Respect for bacteria is growing. Biochemist Michael Behe’s latest video in the “Secrets of the Cell” series shows how magnetotactic bacteria use molecular machines to build their magnetosomes. These allow them to navigate using the Earth’s magnetic field. Indeed, the few pathogens among bacteria give a bad rap to the majority that do wonderful things — for us and for our environment. Equipped with nanoscopic machinery, they are ready to help. In posts today and tomorrow, I’ll offer some illustrations.
Industrial Strength Lock Pickers
Environmentalists are justifiably concerned about vast quantities of industrial chemicals ending up in our drinking water. It’s a huge and growing problem, according to news from the University of California at Riverside.
Per- and polyfluoroalkyl substances, or PFAS, are a group of over 9,000 chemicals used in countless industrial processes and commercial products since the 1940s. As a result, PFAS have found their way into the water cycle and are now found in virtually every water source. These chemicals contain a bond between fluorine and carbon atoms that is the strongest single bond known, rendering PFAS non-biodegradable and resistant to conventional water treatment methods. [Emphasis added.]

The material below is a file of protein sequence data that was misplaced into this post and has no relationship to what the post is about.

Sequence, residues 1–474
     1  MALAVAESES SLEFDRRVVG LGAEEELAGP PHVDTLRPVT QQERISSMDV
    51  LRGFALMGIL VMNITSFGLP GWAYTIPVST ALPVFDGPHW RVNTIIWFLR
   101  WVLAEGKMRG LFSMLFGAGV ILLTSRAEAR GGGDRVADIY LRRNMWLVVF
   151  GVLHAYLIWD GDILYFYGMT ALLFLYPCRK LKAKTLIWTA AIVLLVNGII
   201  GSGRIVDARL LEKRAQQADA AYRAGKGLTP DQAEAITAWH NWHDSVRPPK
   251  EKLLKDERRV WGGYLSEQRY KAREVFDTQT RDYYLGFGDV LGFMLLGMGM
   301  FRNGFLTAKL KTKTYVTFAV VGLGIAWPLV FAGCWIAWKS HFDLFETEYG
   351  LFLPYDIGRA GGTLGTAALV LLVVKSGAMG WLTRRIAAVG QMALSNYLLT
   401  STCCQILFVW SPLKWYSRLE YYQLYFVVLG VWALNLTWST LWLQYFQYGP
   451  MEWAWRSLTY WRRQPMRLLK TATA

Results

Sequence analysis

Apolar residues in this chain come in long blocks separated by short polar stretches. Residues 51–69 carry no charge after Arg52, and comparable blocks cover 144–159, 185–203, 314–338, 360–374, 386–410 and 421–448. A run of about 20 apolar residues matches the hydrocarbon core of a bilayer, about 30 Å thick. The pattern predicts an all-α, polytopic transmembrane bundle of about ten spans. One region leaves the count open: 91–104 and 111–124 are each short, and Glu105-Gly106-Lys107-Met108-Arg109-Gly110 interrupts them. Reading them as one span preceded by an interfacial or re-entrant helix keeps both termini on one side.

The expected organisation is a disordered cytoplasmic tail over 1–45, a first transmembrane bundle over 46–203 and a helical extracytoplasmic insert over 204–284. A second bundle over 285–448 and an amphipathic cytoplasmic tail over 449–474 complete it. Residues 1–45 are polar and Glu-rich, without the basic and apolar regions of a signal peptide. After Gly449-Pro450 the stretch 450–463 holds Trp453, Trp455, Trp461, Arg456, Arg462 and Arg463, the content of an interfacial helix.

These durable chemicals can work their way into our tissues, leading to thyroid and liver problems and some types of cancer. But like Superman to the rescue, in flies a Clark Kent microbe, “shattering the ultra-strong carbon-fluorine bond” and giving hope to a distressed world.
Is this microbe hard to find? No; it’s all over the place. It just needs anaerobic conditions. Chemical engineer Yujie Men built on earlier work to learn how the microbes do it.
Microbes capable of doing this type of defluorination are not rare. Using activated sludge — microbial communities commonly used in wastewater treatment facilities to break down and remove organic matter — and an anaerobic condition, the researchers successfully repeated their earlier experiment with more structurally similar PFAS.